Businesses should not discriminate, liberals proclaimed loudly in explaining their opposition to religious freedom laws. Three recent actions supported by liberals demonstrate that is not true.
1. Bakeries Should Be Able to Refuse Bible Verses
Christian activist Bill Jack was denied service when he went to Azucar Bakery in Denver and asked for two cakes in the shape of open Bibles. He asked for the words, "God hates sin — Psalm 45:7," "Homosexuality is a detestable sin — Leviticus 18:22," "God loves sinners," and "While we were yet sinners Christ died for us — Romans 5:8," on each of the "pages" of the Bible cakes.
Azucar Bakery is in the same state where the bakery Masterpiece Cake was successfully sued for declining to make a wedding cake for a same-sex wedding.
In a January interview with The Christian Post, Jack explained that he supports Azucar Bakery's right to deny him service because they oppose the values he wanted written on the cakes. He only made the requests to find out if Colorado would be hypocritical. It was.
In Colorado, if a customer wants a cake with Christian values written on it, bakers are allowed to decline service if they disagree with those values. If a customer wants a cake for a same-sex wedding, bakers are not allowed to decline service if they disagree with same-sex marriage.
2. Pharmacists Should Refuse Death Penalty Drugs
The American Pharmacists Association approved a policy last month discouraging its members from participating in death penalty executions by providing the drugs required for lethal injections.
The move was encouraged by a letter sent to the group signed by 31 anti-death penalty and liberal organizations, including Amnesty International, the NAACP, National Council of Churches, SumOfUs and the United Methodist Church.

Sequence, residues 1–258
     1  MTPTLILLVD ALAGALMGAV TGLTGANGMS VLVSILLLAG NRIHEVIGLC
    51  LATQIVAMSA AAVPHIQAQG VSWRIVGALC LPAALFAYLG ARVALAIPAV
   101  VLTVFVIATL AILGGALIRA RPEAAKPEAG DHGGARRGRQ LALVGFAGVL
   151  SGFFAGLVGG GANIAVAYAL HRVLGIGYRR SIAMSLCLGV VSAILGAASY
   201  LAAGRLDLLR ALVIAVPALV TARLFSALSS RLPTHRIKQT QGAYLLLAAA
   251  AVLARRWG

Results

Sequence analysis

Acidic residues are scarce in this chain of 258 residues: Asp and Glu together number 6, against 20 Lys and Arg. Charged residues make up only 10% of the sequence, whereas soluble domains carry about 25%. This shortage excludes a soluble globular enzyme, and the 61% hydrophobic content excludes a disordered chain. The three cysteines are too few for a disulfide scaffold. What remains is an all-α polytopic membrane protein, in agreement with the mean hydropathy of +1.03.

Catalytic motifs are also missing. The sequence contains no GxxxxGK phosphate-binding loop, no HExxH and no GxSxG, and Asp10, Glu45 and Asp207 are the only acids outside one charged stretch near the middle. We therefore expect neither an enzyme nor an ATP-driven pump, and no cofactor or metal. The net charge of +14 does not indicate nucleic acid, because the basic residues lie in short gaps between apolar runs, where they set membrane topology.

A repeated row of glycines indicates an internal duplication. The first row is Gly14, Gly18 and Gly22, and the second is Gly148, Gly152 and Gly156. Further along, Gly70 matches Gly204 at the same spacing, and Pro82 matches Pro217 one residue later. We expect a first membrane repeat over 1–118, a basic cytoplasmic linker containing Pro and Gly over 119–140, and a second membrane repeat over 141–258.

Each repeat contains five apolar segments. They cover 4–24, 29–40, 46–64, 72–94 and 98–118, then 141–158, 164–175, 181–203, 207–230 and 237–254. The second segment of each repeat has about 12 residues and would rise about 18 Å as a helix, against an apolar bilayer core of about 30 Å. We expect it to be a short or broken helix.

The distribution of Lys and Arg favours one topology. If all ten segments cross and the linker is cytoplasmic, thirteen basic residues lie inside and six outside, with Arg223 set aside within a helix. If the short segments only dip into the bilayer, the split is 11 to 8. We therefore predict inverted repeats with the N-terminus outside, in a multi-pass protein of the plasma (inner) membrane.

Liberal websites, such as The Huffington Post, Democracy Now and Think Progress, wrote positive reports about the move. There were no critics mentioned in their reports arguing that pharmacists should not have the right to decline their customers.
These reactions contrast sharply with liberal reactions to the notion that pro-life health care workers should not be forced to choose between participating in an abortion and losing their job.
3. Businesses Were Right to Boycott an Entire State Because of a Religious Freedom Law
In reaction to a religious freedom law passed in Indiana, Liberals were not only supporting, but praising Apple, Angie's List and Salesforce for threatening boycotts in the state over the new law.
These liberals appreciated these companies making business decisions based upon their moral convictions. This exposed a glaring contradiction in their position: those companies opposed the law because it could (in some circumstances) let businesses make based upon owners' religious convictions.
At its core, the issue was about wedding vendors, like Masterpiece Cake mentioned above, who declined service for same-sex weddings due to their religious convictions. Essentially, this means the companies were opposing a law that could (but not necessarily would) give small business owners the right to decline business for a particular event, by declining business with an entire state.
More than that, Angie's List, Apple and Salesforce were much more extreme in their position than the wedding vendors. While wedding vendors opposed to working same-sex weddings would have no economic impact (because there are plenty of vendors willing to work same-sex weddings), boycotts by large companies would hurt local economies and workers — even those workers who agreed with their position. Yet, to hear liberals tell it, those companies were heroic while same-sex marriage opponents are bigots.
In a Thursday article for The Federalist, The Acton Institute's Jordan Ballor put it well: "The problem in this instance, then, is not that companies like Angie's List threaten economic sanction, .... The problem, rather, is that the freedom to discriminate is claimed by such companies for themselves but not extended and recognized for others. Boycotts against discrimination as such thus depend on the very thing they oppose. In this sense, the discriminatory actions of businesses ought to be judged alike, whether they are based on religious convictions or secular morality."